- Handle the peer-review and revision process
- Provide accountability and moral support throughout the process
Book coaches may also bill themselves as “writing coaches,” “publication guides,” or “publishing consultants,” depending on what they emphasize in their particular practice, and they can also help scholarly authors with journal articles and book proposals. But whatever they call themselves, they all provide a safe space for scholars to get ongoing support and knowledgeable feedback on their writing.
What kind of training does a book coach have?
There is currently no formal training to become an academic book coach, although there are several training programs for general writing coaches. Many academic coaches came to the field from academia and have PhDs of their own.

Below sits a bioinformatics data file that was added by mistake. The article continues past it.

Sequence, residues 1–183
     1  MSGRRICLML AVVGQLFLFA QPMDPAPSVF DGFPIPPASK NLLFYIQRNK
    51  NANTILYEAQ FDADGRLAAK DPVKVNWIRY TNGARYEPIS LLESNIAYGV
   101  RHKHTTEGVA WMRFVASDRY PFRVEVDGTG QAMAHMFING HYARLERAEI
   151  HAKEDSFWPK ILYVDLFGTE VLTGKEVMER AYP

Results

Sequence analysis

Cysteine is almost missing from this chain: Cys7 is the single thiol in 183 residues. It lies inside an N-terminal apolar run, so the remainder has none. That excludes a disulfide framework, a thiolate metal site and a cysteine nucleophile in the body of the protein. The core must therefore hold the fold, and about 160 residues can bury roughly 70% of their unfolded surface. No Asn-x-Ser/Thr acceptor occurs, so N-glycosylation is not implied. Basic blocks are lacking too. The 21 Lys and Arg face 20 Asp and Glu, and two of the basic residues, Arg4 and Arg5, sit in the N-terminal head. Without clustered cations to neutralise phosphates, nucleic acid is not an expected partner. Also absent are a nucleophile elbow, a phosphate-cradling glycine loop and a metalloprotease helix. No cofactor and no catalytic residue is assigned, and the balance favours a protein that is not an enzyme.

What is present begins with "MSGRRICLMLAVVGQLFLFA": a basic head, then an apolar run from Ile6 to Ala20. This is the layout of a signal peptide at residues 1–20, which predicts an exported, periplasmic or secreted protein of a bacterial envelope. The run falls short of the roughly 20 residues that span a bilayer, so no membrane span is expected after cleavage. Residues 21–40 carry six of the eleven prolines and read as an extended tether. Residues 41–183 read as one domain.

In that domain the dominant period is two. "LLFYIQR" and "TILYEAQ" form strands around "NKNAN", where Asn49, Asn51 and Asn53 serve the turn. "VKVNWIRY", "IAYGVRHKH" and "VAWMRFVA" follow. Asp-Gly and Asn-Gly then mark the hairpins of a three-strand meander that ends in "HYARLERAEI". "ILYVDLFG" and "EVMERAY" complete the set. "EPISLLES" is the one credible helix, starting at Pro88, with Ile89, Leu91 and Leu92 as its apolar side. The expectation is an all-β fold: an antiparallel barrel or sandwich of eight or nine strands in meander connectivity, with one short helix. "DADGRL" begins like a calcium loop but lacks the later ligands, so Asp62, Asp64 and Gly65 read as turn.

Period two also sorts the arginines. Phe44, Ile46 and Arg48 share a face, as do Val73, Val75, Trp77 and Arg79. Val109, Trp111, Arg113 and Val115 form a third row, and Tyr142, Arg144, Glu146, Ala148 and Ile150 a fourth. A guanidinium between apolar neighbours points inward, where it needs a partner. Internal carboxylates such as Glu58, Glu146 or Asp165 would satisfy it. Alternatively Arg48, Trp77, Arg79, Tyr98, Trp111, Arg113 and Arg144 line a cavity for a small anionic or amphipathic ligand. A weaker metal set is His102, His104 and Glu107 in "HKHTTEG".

Many book coaches have a background in other kinds of editing: for example, in developmental editing (also known as structural or substantive editing) or in acquisitions in the publishing industry. Some wear several editing hats, offering coaching in addition to various other editorial services (developmental, copyediting, proofreading, indexing, etc.) that they might combine with their coaching services. Others draw on their years of experience working with academic writers in college classrooms or university writing centers.
Some coaches specialize in working with scholars in particular disciplines, or focus on clients in the humanities, social sciences, or hard sciences. Some even bring subject-matter expertise in a particular academic field—though it really isn’t necessary for a book coach to have worked in your particular area of expertise to offer perspective that benefits your project.
When should a scholarly author seek out a book coach?